Rosenberg v. United States 346 U.S. 273 (1953)
ROSENBERG v. UNITED STATES 346 U.S. 273 (1953)
Over the vehement protests of three of its members (hugo black, felix frankfurter, and william o. douglas), the vinson court vacated a stay of execution issued by Douglas that had halted the scheduled electrocution of Julius and Ethel Rosenberg. The Rosenbergs had been convicted and sentenced to death in 1951 for allegedly violating the 1917 espionage act by passing secret information about the atomic bomb to the Soviet Union. Douglas had refused to join Black, Frankfurter, and harold burton in earlier efforts to review the case by means of certiorari and habeas corpus, but on June 17, 1953, after the Court had recessed for the term, he stayed the Rosenbergs' execution on the ground that their lawyers had raised a new argument deserving judicial scrutiny—the couple should have been tried under the Atomic Energy Act of 1946 rather than the earlier statute.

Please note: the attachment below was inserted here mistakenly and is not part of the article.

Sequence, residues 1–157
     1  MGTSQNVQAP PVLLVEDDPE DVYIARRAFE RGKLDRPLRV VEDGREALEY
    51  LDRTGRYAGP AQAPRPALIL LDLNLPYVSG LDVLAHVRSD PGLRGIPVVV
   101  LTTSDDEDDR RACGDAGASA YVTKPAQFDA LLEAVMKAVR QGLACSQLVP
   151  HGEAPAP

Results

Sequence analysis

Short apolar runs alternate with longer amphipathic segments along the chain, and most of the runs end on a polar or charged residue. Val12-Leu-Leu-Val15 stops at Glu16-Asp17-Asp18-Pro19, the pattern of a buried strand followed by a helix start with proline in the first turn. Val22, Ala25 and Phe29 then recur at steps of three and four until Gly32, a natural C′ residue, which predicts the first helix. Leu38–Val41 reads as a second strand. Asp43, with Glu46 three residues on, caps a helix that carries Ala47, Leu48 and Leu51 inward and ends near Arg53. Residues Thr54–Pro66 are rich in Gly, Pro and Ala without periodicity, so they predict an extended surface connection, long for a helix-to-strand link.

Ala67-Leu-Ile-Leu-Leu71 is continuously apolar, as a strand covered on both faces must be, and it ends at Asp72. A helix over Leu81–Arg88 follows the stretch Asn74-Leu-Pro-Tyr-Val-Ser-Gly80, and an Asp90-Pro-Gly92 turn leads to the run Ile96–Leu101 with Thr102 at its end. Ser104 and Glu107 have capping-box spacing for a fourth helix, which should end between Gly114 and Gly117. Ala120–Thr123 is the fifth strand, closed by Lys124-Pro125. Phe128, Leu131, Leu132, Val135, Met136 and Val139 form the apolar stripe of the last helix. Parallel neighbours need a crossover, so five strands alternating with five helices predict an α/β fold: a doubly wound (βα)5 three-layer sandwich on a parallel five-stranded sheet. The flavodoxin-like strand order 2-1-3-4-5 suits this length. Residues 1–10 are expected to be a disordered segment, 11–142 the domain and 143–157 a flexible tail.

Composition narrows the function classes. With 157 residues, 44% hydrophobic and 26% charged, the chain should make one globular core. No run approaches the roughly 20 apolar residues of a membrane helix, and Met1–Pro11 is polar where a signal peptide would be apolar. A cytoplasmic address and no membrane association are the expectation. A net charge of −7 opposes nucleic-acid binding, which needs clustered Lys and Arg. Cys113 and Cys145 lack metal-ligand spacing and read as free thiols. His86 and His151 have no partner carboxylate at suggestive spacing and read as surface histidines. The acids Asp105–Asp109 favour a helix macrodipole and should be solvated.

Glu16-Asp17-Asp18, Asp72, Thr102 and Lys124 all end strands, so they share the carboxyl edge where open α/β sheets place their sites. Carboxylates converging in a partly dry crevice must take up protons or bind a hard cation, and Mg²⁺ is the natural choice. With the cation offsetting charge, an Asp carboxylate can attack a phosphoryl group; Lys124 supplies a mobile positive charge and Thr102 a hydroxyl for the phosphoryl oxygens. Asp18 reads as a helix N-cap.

Responding to intense pressure from the Eisenhower administration, Chief Justice fred vinson recalled the Justices to Washington for special session. On June 19, a 6–3 majority overturned the stay and rejected Douglas's interpretation of the Atomic Energy Act. The Rosenbergs were executed that same evening. Frankfurter, who, with Black, had urged a full review of the case since the earliest appeals, later wrote that this last act of the Vinson Court was "the most disturbing single experience I have had during my term of service on the Court."
Michael E. Parrish
Radosh, Ronald and Milton, Joyce 1983 The Rosenberg File: A Search for the Truth. New York: Holt, Rinehart & Winston.